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California’s Fort Ord is now a National Monument

The Fort Ord National Monument, the 17th National Monument in the National Lanscape Conservation System, will honor veterans and serve as hub for conservation and recreation (Photo: BLM.gov)

On Friday, President Obama declared Ft. Ord, the former Army base located just north of Monterey, California, a national monument.

The designation will afford additional protection to the 7,200 acres, which is managed by the federal Bureau of Land Management. The presidential action decreed that no mining or geothermal development can take place in the monument and called for the development of a management plan that preserves it in perpetuity.

The designation bars off-road vehicles, but officials said the 86 miles of hiking, biking and horseback riding trails along the Central Coast will remain open.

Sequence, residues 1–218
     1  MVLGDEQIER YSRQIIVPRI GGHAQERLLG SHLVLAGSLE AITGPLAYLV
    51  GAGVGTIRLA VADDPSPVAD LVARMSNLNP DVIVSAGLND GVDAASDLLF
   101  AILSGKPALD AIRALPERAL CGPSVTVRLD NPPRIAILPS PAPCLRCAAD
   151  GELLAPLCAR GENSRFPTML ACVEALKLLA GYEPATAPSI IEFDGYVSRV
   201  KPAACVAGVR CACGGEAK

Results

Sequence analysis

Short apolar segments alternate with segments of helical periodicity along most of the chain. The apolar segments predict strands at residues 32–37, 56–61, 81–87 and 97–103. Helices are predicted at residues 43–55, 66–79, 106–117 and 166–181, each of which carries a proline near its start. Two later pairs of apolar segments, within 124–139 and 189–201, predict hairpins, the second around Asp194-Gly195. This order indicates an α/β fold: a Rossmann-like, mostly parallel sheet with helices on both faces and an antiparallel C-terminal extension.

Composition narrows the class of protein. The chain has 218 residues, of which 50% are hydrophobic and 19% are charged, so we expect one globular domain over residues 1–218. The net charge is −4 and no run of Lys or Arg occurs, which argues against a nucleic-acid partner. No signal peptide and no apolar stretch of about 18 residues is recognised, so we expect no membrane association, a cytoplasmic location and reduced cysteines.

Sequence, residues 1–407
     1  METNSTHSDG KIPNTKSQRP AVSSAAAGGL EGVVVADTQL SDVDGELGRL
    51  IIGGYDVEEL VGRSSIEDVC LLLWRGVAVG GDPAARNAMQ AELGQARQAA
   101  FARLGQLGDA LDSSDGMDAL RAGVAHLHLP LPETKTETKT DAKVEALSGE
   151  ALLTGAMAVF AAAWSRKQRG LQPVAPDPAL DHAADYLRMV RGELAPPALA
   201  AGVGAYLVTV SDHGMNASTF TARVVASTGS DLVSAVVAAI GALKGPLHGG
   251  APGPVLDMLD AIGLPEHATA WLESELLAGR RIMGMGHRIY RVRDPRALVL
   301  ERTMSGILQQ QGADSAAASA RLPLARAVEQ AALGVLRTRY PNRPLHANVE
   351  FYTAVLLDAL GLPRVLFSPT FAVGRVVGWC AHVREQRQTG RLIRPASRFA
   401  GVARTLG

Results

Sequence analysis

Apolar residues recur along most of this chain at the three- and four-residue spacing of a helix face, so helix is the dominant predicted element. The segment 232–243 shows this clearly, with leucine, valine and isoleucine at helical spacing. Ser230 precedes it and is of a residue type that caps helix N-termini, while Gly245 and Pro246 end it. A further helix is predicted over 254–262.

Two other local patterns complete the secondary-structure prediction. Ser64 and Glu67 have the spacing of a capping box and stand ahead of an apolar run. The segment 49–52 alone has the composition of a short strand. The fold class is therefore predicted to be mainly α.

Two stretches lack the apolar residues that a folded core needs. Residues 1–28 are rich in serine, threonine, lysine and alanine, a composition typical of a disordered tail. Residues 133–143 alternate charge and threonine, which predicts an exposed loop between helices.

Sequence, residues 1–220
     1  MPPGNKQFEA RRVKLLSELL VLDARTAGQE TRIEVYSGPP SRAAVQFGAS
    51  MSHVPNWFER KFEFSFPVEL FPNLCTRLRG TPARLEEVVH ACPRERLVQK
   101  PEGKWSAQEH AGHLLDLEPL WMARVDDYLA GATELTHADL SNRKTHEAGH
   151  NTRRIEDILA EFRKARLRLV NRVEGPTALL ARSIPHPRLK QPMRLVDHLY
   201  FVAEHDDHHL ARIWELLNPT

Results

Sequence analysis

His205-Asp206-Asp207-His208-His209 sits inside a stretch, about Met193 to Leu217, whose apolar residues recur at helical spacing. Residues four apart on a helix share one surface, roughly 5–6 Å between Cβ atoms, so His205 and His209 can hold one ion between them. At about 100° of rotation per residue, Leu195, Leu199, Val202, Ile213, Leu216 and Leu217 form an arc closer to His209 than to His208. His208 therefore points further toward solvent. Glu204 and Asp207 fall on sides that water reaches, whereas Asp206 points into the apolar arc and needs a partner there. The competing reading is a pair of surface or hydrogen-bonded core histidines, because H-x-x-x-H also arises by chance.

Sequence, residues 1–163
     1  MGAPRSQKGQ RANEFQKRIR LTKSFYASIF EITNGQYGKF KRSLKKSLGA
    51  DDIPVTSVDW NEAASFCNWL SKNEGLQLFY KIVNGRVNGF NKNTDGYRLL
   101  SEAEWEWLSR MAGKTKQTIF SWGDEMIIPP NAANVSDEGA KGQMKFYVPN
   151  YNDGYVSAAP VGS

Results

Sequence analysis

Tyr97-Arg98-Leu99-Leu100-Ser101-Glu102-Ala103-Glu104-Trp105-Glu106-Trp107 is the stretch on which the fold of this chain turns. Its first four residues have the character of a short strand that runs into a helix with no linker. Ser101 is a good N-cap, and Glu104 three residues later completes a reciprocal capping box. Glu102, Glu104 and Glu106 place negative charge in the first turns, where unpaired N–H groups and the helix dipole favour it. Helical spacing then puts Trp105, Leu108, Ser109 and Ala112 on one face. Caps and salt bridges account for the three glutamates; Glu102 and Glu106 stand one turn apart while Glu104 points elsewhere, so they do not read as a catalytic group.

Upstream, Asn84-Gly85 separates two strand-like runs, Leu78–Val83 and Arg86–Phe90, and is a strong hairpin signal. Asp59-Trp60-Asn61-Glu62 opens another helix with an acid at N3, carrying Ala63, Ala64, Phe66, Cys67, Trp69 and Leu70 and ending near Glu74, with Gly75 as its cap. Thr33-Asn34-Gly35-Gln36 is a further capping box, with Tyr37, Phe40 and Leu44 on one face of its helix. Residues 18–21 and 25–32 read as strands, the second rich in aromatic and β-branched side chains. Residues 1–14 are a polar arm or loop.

Ft. Ord is the latest addition to the National Landscape Conservation System.

The Bureau of Land Management’s National Landscape Conservation System (NLCS) contains some of the West’s most spectacular landscapes. It includes over 886 federally recognized areas and approximately 27 million acres of National Monuments, National Conservation Areas, Wilderness Areas, Wilderness Study Areas, Wild and Scenic Rivers, National Scenic and Historic Trails, and Conservation Lands of the California Desert.

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